Time vs DateTime

Just curious.
Looking through nice yii3/yii-demo observe that table columns like ‘created_at’, ‘deleted_at’ and ‘updated_at’ are created using cycle…TimestampedMapper or SoftDeletedMapper and both default to using ‘DateTimeImmutable’ class/object and ‘datetime’ data type.

Yii2 docs advocate integer using time() for these columns, a practice I prefer over datetime, even though I generally work with small data sets with low transaction volume the integer just seems more efficient, but does lack the date range.

It’s nice to use defaults from a framework to get a quick start, but a migration may present an extra challenge if datamanager wishes to convert from integer to datetime.

Is the example just a suggested approach, or has there been a change in thinking for this and other Yii3 defaults?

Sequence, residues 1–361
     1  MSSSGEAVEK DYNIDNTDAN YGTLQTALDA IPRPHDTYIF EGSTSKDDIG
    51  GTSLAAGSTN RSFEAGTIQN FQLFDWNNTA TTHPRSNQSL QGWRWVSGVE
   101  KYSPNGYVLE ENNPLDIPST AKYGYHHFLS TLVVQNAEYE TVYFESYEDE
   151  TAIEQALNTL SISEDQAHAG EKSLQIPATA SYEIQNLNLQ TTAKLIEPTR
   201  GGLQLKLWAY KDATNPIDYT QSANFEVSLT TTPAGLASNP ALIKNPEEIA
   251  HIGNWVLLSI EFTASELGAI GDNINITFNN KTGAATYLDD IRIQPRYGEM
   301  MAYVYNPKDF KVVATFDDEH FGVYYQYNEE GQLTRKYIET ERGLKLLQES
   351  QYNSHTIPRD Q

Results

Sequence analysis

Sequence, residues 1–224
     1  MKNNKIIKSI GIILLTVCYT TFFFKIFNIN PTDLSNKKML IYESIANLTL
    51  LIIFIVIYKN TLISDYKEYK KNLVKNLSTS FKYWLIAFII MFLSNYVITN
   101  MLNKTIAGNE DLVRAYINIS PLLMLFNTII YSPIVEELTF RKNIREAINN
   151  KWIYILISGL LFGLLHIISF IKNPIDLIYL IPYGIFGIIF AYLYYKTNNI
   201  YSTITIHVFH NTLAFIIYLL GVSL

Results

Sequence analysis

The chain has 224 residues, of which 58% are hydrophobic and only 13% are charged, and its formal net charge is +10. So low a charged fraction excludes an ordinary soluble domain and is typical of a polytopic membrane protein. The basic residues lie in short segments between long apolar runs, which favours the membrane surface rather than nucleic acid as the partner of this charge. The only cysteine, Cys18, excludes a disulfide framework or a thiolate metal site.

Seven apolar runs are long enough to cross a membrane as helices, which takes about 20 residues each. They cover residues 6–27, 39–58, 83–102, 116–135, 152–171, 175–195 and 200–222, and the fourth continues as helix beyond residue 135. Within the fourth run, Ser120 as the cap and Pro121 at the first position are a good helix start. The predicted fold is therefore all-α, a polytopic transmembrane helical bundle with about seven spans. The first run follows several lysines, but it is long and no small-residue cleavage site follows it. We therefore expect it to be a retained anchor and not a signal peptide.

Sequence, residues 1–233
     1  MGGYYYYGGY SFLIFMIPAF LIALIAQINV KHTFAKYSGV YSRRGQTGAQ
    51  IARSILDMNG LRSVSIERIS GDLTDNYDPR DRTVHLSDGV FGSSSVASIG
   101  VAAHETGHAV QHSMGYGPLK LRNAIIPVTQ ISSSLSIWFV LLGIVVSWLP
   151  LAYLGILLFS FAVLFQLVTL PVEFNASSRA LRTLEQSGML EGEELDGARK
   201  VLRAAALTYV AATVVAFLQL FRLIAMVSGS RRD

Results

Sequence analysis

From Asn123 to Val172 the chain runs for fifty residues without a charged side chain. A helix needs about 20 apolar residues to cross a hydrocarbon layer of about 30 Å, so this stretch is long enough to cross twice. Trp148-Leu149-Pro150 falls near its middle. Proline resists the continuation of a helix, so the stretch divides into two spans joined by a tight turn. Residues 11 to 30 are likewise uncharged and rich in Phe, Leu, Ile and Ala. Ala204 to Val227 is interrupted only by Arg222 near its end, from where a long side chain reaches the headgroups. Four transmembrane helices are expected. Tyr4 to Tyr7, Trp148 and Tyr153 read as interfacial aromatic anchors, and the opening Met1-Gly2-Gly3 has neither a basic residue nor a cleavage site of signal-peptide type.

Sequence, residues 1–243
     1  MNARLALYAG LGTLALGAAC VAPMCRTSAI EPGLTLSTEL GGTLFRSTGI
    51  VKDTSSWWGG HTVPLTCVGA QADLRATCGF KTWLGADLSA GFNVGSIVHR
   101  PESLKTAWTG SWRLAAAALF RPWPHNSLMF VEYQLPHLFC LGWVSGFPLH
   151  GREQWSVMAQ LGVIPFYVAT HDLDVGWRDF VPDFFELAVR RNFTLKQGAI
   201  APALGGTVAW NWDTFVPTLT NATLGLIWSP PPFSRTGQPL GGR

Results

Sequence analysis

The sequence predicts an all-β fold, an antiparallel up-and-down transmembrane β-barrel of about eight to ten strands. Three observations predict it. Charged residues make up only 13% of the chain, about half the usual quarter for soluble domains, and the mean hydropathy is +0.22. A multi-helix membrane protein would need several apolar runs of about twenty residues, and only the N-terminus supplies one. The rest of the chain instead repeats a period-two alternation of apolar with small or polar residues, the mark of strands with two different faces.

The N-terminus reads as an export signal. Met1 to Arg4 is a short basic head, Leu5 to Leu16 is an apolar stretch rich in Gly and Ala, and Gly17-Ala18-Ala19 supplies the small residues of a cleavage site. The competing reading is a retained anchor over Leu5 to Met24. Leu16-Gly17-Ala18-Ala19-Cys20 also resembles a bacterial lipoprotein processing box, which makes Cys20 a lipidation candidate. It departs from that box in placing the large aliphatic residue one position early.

Mike B

It’s just a way we decided to follow for a demo. Nothing more. Using int-s is still OK.

Just solved the same dilemma, prefer Datetime over int.
Solution is simple, don’t use of TimestampBehavior, set default values in MySQL this way:

CREATE TABLE `sample_table` (
  `created_at` timestamp NOT NULL DEFAULT current_timestamp(),
  `updated_at` timestamp NOT NULL DEFAULT current_timestamp() ON UPDATE current_timestamp()
) ENGINE=InnoDB DEFAULT CHARSET=utf8 COLLATE=utf8_unicode_ci;

Hello @petr-panek

I agree your example works fine with MySql, but not with all other databases.

For db design, I might agree with constraints on type and range, but not with defaults that the ‘customer’ may change arbitrarily or through business requirement. Abstracting defaults into code (like Behaviours or Traits) enables flexibility and testing at application level, with less tinkering on db schema.

Just a POV

1 Like